lesioned completely. We see that lesion right in through here. So any of the fibers that are
crossing are blocked at this particular point. This will cause bitemporal hemianopsia.
So, you see the temporal regions here of the left and right eyes going dark.
Causes? Again, you’ve got to think about what’s in this area. You have the pituitary gland.
So an expansion of a pituitary tumor could put pressure on the optic chiasm and cause
this type of lesion. Another type of tumor is a craniopharyngioma. That too can grow and
involve the optic chiasm causing this lesion. Now, we’re looking at a lesion of the optic tract.
This tract runs from the optic chiasm to the lateral geniculate body on each side. So here’s
the right one. This is the one that’s involved. So we see a complete lesion then through this
right optic tract. This will cause left homonymous hemianopsia. What goes dark here
would be the temporal retina of the left eye and then the nasal retina of the right eye.
Causes of this form of lesion would be a tumor of the temporal lobe because the temporal lobe
is in this area. So if the tumor grows into this right optic tract, that could cause a lesion.
If there’s an abscess of the temporal lobe, that abscess can also disrupt the transmission
of our visual pathway along the right optic tract. Of course, this can occur on the left side
as well. Another point at which a lesion can occur is along the optic radiations.
The optic radiations can be completely lesioned or they may be partially lesioned. We’re going to look
at a partial lesion, two types of partial lesions of our optic radiations. The first one here
is a lesion of the right upper optic radiations. These are a part of Baum’s loop. They’re starting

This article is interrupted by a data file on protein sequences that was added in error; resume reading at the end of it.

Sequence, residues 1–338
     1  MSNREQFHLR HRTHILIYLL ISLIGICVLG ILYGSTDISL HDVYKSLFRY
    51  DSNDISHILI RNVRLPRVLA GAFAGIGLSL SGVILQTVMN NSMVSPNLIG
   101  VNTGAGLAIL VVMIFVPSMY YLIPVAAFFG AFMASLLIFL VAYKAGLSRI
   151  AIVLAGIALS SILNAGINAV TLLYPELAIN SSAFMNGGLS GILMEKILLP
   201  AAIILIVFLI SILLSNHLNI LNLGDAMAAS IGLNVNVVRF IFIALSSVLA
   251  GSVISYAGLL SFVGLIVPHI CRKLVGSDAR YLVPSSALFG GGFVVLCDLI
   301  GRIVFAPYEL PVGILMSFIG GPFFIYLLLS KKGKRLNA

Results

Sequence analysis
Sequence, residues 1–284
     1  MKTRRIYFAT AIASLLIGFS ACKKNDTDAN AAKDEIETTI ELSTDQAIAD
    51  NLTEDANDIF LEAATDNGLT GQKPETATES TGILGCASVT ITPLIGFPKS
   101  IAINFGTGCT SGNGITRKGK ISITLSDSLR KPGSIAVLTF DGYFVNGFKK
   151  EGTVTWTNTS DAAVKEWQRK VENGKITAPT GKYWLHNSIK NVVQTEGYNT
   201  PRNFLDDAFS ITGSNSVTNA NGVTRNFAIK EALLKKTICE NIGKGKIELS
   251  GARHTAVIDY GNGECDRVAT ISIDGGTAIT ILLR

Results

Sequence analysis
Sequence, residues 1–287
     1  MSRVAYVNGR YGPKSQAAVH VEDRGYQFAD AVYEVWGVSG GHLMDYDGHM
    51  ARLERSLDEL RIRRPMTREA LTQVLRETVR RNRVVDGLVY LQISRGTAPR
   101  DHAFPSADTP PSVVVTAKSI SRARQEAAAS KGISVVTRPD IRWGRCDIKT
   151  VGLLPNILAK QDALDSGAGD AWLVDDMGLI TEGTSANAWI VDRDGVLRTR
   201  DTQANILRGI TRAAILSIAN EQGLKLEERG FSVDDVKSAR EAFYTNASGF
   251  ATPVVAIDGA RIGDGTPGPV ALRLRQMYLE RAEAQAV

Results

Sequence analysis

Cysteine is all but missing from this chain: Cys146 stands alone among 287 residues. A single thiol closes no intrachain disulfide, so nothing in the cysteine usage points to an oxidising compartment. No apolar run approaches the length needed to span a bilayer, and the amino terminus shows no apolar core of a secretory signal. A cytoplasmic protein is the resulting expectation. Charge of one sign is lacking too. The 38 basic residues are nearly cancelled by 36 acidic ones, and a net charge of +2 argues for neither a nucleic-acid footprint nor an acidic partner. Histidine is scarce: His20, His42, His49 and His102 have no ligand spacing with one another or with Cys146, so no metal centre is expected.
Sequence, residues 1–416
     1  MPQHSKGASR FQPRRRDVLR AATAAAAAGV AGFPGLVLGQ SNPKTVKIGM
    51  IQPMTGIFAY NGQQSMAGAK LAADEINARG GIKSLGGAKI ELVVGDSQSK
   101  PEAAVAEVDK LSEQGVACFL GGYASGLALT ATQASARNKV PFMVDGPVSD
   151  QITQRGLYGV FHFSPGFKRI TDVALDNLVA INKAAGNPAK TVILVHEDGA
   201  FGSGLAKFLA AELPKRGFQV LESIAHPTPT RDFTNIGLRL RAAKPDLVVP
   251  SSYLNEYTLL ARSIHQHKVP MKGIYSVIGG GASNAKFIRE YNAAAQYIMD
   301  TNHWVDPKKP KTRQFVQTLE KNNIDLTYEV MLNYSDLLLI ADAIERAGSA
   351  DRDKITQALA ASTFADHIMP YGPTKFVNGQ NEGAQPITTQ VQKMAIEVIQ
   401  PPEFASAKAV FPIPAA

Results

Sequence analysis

to terminate on your primary visual cortex in this area. So this could be a side of the lesion here
or it could be a little more proximal or closer to the lateral geniculate bodies. This will result
in left homonymous inferior quadrant anopsia. If we take a look here, here’s the quadrant
that’s disrupted in the left nasal retina. Then here’s a quadrant that’s disrupted on the right
temporal retina. Causes here could be a parietal lobe tumor or an occipital lobe tumor
putting pressure on this part of the pathway. Lesions can also occur along the lower optic
radiations as we see in through this area here. This is also starting to include the upper,
so we kind of want to just look at this right in through here. Lesions of the lower optic
radiations, these axons that are travelling here form Meyer’s loop. They will result in a darkness
here and here of each eye. This is termed left homonymous superior quadrant anopsia.
Causes of this would be a tumor. It could be a tumor of the temporal lobe or a tumor
of the occipital lobe. Then, of course, you can have a disruption of the entire optic radiations.
In here we have a complete lesion on the right side of the optic radiations. This then results
in left homonymous hemianopsia. So you can see the darkness here in the left eye and then
the disruption here at the right eye. Causes would be tumors, could have arterial dysfunction,
interruption of blood flow to this area, or a trauma injury to the brain in this particular area.
What are some of the causes of this lesion? First, we can have tumors again disrupting this final
pathway to the primary visual cortex. Arterial dysfunction could also cause a lesion to the entire
optic radiations. Trauma is another possibility or cause to this particular visual deficit.